Another story full of bull
Many years back when there was a need to acquire a lot of bull to service our cows, we leased a prime specimen — dubbed “Prince William” by his owner — from a rancher way up in the northern part of the state. We had agreed to lease Prince William and to return said animal when our cows no longer needed his services. When the return time came, guess who was elected? It seems my intrepid spouse claimed someone had to stay home to take care of the resident critters.
I faced a challenge. How was I to transport his royal highness from point A to point B when B was what seemed like light-years away? I couldn’t take a taxi or a Greyhound bus because the bovine’s big horns might tear up the upholstery, not to mention that no matter how neat or tidy, most bulls cannot be taught to use a litter box. A railroad boxcar could’ve worked, but that required a train chugging along on railroad tracks going in the right direction and stopping close enough to the target bull ranch. That was a pipe dream.
Airplane? Even if a local air service could be found willing to haul the critter, an aircraft was out of the question as a fat bull couldn’t fit through the skinny doors of a tiny fixed-wing plane, let alone sit in one of the seats. (I had a fleeting thought to apply to Washington to borrow Airforce One, but it was already in use hauling around our nation’s herd leader).
So, I pumped up the tires on the stock trailer, brought the license up to date, hitched the trailer to the bumper of our 10-year-old truck began the operation starting with a half hour of trying to back the danged trailer to line up with the corral gate. (I tried to watch my language in case others were listening — but I failed).
Finally, my considerate spouse achieved the goal of filling the trailer with a load of bull. Next, I visited the sheriff’s office to obtain a permit to leave the county in the company of a four-footed male bovine. (Kind of like a marriage certificate — one must have proof this Taurus belongs to you for better or worse).
Once on the road, all went reasonably smoothly provided I ignored the trailer’s sway and pitch caused by hoof-stomping that slammed the floor boards as fast as Irish dancers doing a jig. However, I forged onward. I got used to the noise and wobbling. (Sort of like getting used to the screech of bad music or the blab-blab of telemarketers or office-seeking politicians).
Things I was grateful for: The roads were bare and dry. The cross winds were fairly mild. Nobody stopped me to make sure I wasn’t rustling something.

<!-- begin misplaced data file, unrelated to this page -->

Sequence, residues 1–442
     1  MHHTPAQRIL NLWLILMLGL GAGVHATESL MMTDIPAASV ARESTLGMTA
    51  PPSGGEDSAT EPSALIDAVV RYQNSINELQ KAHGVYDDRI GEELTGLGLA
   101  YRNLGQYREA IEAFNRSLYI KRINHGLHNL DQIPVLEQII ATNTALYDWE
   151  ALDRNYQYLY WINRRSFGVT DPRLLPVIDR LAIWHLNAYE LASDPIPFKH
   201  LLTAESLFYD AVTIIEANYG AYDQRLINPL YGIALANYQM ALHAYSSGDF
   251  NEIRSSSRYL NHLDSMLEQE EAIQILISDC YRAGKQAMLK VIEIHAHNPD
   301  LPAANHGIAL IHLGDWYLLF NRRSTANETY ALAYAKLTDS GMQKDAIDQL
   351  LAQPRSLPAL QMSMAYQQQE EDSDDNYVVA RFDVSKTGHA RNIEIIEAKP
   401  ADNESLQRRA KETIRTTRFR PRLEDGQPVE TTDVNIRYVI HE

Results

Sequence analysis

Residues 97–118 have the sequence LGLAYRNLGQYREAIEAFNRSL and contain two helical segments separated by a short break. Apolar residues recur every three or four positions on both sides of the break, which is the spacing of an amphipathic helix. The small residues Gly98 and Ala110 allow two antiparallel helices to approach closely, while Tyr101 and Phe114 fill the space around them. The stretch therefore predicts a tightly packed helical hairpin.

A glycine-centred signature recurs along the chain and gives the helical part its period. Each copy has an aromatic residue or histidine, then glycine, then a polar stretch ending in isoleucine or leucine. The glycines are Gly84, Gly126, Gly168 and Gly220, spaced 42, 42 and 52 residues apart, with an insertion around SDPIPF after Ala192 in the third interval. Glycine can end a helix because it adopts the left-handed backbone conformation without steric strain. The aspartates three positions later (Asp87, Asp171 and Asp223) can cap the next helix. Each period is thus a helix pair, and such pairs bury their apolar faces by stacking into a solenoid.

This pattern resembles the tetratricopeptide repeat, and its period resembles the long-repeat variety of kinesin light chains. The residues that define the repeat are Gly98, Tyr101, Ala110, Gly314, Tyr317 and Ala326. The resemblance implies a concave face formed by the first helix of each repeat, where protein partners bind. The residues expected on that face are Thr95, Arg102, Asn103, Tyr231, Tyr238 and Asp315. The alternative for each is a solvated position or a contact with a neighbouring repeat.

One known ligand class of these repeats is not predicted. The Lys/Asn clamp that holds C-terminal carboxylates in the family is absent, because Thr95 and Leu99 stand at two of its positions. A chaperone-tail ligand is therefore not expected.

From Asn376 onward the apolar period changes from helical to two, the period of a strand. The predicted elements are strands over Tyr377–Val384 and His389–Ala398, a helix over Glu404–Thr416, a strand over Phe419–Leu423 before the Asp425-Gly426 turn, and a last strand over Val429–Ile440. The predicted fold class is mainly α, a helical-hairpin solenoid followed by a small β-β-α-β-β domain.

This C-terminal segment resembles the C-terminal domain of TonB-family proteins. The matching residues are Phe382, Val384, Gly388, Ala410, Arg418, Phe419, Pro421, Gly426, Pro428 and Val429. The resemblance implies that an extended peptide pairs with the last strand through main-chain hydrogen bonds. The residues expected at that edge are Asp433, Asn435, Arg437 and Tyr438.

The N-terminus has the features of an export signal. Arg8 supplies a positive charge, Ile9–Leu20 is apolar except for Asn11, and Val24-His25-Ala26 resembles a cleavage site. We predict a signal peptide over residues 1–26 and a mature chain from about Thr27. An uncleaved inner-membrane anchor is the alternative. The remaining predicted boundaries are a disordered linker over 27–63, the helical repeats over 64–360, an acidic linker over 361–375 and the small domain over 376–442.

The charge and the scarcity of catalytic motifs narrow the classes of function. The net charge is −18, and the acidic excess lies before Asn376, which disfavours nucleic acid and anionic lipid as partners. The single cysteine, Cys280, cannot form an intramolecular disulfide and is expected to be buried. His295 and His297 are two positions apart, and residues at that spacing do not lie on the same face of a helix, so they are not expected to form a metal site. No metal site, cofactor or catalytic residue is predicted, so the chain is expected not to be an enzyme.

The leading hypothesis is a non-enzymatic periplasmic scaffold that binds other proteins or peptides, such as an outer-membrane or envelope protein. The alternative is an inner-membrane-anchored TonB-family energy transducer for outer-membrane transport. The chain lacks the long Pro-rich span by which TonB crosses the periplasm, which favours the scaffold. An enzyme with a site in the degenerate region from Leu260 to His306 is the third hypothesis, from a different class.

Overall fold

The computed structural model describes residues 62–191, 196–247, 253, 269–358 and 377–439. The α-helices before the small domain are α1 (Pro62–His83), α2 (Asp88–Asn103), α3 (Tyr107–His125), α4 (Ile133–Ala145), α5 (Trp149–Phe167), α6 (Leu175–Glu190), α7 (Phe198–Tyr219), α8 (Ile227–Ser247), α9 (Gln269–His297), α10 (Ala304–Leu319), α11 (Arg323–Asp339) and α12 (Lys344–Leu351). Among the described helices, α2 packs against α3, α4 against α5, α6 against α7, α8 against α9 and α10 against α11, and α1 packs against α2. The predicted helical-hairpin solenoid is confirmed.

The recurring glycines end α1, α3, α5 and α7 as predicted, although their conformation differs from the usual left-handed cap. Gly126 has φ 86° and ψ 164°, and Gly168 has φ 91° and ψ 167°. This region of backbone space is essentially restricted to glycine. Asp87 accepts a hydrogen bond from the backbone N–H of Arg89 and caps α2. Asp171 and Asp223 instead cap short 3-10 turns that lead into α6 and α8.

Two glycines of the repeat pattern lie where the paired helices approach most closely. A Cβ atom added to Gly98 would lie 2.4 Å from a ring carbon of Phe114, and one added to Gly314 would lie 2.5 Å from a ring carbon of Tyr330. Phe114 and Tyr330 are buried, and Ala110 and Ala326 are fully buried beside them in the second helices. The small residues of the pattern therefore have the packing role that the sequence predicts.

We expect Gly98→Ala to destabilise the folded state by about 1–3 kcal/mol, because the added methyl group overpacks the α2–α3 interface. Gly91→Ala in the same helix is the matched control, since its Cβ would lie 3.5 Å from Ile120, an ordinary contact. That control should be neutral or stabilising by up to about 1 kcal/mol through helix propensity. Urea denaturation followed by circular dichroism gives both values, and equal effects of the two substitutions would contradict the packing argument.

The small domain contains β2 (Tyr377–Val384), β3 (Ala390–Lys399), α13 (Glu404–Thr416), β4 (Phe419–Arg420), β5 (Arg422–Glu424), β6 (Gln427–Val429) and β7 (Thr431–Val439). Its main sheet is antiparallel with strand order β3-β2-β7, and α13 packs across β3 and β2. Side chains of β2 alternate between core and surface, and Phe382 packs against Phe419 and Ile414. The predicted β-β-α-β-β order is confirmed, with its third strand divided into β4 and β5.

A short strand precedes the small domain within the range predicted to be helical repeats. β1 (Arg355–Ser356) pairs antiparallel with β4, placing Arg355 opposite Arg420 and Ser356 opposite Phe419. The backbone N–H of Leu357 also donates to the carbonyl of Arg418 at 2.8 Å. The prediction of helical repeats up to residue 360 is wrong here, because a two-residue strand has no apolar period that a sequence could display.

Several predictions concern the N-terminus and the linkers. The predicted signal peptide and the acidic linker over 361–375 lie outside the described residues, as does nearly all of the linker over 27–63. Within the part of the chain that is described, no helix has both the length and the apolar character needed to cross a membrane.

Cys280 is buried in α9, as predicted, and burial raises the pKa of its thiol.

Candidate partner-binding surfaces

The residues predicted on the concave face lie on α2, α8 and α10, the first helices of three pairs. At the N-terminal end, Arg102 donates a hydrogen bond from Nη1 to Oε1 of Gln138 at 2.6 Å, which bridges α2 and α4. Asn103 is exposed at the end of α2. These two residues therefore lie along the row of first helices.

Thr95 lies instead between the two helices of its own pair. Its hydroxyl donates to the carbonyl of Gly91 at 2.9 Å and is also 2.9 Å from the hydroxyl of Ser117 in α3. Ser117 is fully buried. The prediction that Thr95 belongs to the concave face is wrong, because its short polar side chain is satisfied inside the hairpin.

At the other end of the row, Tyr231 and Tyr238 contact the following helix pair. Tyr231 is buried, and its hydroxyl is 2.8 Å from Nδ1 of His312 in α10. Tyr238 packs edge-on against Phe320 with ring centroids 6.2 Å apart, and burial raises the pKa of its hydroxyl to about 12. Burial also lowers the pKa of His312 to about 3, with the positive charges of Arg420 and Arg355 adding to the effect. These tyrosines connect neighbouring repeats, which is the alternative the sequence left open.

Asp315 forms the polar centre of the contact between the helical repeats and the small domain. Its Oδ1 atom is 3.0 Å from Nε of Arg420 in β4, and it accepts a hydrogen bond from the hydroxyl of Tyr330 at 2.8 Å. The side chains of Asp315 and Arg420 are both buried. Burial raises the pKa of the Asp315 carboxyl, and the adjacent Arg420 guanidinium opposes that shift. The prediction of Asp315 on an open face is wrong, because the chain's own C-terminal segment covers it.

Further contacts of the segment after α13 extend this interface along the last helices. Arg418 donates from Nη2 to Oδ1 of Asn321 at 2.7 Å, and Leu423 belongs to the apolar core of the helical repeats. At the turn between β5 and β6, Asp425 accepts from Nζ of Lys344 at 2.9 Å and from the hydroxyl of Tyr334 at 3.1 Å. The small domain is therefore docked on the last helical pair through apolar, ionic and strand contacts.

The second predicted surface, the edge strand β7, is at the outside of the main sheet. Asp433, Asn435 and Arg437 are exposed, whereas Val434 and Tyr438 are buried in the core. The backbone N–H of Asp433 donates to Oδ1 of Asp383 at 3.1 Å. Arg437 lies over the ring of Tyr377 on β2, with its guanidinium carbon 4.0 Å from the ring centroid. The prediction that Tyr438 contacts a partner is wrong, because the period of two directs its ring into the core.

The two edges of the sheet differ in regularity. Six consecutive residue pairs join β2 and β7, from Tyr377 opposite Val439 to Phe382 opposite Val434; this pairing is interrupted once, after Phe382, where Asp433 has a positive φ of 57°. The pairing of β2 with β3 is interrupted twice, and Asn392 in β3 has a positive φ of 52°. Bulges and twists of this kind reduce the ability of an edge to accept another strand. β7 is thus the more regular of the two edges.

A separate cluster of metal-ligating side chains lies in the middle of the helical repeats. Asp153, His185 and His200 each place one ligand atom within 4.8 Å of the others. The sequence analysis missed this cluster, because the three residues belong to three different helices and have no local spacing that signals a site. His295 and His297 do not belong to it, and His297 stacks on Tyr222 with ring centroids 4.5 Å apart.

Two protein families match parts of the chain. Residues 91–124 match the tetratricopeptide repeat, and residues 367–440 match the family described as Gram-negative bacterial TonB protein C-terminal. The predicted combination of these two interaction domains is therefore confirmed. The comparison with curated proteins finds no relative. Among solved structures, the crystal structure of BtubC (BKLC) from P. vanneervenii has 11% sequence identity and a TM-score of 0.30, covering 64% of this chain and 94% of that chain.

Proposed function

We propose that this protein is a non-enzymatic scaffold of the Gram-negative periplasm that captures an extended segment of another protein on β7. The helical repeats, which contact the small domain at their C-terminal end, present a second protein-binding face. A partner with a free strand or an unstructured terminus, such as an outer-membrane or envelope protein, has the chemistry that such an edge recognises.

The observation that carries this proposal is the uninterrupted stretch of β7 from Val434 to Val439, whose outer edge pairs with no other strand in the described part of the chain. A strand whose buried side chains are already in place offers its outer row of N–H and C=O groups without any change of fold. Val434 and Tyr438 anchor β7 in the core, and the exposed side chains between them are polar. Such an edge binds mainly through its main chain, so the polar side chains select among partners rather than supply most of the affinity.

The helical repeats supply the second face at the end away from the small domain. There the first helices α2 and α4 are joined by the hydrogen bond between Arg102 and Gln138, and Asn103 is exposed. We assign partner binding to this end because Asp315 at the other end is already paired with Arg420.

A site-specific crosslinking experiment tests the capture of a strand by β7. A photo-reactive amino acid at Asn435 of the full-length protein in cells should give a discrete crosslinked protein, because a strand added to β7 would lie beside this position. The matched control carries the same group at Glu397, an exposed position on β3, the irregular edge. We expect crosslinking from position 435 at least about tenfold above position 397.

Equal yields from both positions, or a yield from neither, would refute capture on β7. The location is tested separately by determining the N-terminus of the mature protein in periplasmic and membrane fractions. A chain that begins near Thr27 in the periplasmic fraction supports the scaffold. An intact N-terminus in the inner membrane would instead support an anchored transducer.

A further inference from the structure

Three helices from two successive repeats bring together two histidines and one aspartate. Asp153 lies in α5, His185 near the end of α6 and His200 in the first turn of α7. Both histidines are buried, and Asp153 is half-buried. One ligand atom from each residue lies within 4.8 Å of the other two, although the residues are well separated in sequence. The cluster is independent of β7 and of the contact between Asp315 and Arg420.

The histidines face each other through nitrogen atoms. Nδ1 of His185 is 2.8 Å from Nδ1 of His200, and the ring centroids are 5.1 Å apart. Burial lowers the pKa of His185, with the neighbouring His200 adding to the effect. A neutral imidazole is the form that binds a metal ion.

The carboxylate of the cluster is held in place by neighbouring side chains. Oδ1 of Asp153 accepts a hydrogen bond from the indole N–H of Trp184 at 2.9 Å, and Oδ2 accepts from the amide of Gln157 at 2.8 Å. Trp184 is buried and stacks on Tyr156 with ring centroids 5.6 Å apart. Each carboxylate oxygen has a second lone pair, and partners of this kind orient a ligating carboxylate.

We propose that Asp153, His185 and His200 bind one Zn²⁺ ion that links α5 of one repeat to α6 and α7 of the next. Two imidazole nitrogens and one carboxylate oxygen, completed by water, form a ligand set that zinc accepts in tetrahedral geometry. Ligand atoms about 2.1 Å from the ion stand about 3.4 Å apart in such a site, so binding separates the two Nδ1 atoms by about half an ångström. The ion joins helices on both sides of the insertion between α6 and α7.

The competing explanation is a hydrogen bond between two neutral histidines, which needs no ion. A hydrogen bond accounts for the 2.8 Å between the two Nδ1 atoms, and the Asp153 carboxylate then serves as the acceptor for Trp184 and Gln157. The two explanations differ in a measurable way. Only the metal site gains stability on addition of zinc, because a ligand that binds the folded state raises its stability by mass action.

Things I worried about: Pit stops for food, gasoline and bathroom requirements. Each time I halted, the big bruiser in the back set up a god-awful roaring which elicited accusatory stares from ordinary folk who don’t carry around that much bull with them.
Some six hours after I left home, I reached my destination. It took that long because I drove at chicken speed. Four gazillion vehicles had passed me. Sometimes I had to pull over to let a string of cars and trucks go by. (None of their drivers ever looked happy).
By the time I dumped Prince William into his owner’s corral, stress had shortened my life expectancy. It was, by then, late afternoon and I faced a return trip that would wind up mostly in the dark.
Things I worried about: Being blinded by oncoming car or truck lights. Being blinded by car or truck lights from vehicles swooping up behind me. (Staying awake was no problem as my eyes expanded to the size of silver dollars and my eyelids never blinked).
Things I was grateful for: The trailer was empty. The roads remained bare and dry. The winds remained relatively calm. Part way home, I pulled into the parking lot of a by-way restaurant, debarked, entered the restaurant, ordered chicken-friend beefsteak and thought of Prince William.
At long, long last, I pulled into my own barnyard. (It took several minutes to peel my frame out of the truck as it felt as if rigor mortis had set in).
Back in the house, I discovered my spouse had turned in and was sleeping peacefully. So, I woke him up. Groggily, he inquired: “How’d it go?”
“Same old, same old,” I replied. “Kinda like you, dear. Another story full of bull.” ❖